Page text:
How exactly do these missions go down? Based on what we know, they look something like this: Special Collection Elements made up of two to five people rotate into U.S. embassies around the world, working undercover as Foreign Service officers or members of the Diplomatic Telecommunications Service. When State Department cover is impossible, the agents enter countries under the guise of businesspeople. Some U.S. embassies are known to house dedicated facilities for Special Collection Elements to use as bases of operations. In other situations, and when circumstances dictate, they work surreptitiously, assembling elaborate listening devices from discrete, seemingly everyday components. (Bamford reports one item previously used: An umbrella that expands into a parabolic antenna.)

Once deployed, Special Collection Elements put technology developed in Beltsville into practice. One such known system is ORATORY, first used extensively during the Gulf War, and likely still operational in some variation. After locating mission objectives, Special Collection Elements place antennas in nondescript locations and ORATORY goes "up" on the target. The device is given key words to listen for, and when those topics come up by phone or in person, the system captures the conversations for analysis.

The Special Collection Service also completes so-called "black bag jobs." Intercepts are often encrypted, and it takes time to decipher, translate, and identify useful information. So sometimes, it's easier to simply break into a building and install a hidden microphone, whereupon intelligence can be gathered and voices recorded before encryption ever takes place. Sensitive listening devices can be dropped into computer keyboards, recording the unique clicks of each key for use in reconstructing everything typed. When a lock pick is too risky, however, locals are sometimes bribed to do the dirty work. Agents might be tasked with something as small as planting a bug, or as large as compromising a nation's entire information infrastructure.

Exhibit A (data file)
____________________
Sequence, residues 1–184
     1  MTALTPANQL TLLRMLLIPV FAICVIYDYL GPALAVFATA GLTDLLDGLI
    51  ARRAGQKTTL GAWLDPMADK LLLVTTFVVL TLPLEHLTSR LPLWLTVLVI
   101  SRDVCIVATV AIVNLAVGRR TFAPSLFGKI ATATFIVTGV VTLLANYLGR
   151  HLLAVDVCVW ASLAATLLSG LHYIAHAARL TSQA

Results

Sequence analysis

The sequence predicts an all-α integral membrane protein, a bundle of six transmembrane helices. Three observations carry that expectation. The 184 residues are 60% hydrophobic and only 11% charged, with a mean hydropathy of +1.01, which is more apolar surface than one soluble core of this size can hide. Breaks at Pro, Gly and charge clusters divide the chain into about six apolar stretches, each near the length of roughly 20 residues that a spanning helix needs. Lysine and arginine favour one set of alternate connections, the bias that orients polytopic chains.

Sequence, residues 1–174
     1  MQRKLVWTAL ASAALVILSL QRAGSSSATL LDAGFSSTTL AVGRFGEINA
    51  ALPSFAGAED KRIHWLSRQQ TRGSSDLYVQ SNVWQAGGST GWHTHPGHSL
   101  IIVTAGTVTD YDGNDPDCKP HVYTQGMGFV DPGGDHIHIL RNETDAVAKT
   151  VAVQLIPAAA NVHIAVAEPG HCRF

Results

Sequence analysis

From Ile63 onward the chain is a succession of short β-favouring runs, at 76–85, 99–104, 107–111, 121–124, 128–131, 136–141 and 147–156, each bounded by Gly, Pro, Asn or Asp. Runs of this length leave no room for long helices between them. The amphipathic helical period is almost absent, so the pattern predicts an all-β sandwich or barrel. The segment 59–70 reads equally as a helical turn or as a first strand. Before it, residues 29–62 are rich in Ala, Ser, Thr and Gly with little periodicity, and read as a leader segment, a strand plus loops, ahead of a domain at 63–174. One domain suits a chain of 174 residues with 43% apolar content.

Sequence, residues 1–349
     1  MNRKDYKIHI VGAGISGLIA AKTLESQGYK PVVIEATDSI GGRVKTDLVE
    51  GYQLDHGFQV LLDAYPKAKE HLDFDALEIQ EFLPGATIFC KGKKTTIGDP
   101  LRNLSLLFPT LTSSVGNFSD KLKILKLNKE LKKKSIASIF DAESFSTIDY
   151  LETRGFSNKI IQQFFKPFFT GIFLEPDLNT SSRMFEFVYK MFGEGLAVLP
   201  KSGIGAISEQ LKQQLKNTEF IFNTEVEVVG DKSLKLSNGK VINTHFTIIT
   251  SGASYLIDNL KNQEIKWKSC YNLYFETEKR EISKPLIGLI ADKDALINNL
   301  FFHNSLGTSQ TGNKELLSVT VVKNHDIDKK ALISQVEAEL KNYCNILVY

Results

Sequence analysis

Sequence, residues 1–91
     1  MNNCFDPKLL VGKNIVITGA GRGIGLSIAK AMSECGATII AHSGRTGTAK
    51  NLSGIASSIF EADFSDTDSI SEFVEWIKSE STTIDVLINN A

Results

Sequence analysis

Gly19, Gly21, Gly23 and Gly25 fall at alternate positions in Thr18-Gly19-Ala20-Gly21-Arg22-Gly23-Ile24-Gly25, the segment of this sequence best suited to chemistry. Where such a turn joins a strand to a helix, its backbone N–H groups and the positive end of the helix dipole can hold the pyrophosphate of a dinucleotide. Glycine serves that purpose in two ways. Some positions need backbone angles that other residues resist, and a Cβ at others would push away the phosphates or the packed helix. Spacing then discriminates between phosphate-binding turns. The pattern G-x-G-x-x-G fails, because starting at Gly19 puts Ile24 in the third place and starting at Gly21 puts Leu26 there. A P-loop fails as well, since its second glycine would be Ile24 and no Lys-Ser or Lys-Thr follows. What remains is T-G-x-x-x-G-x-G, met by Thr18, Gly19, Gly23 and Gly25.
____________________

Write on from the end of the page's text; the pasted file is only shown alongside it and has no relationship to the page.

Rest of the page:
The utility of the Special Collection Service is self-evident. While the raw computing power found at National Security Agency headquarters seems limitless, signals intelligence has always been a cat-and-mouse game. Every time the United States finds a way into foreign networks, or deciphers some elaborate encryption, foreign powers find a way to shut us out again. It's been that way since the NSA's precursor, the Armed Forces Security Agency, operated out of the Arlington Hall Junior College for Women. Having someone on the ground, and eyes (and ears) on a target effectively bypasses most technological shielding.

In the coming months, as FISA is reconsidered and pointed questions are rightfully asked of the National Security Agency — about what its quantum computers can and cannot do, and what its massive data centers do and do not store — it's worth remembering that signals intelligence is not collected entirely from a Panopticon in Maryland. Don't forget the daring, intimate work of the Special Collection Service, and the men and women secretly in the field around the world.

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David W. Brown

David W. Brown is coauthor of Deep State (John Wiley & Sons, 2013) and The Command (Wiley, 2012). He is a regular contributor to, Vox, The Atlantic, and mental_floss. He can be found online here.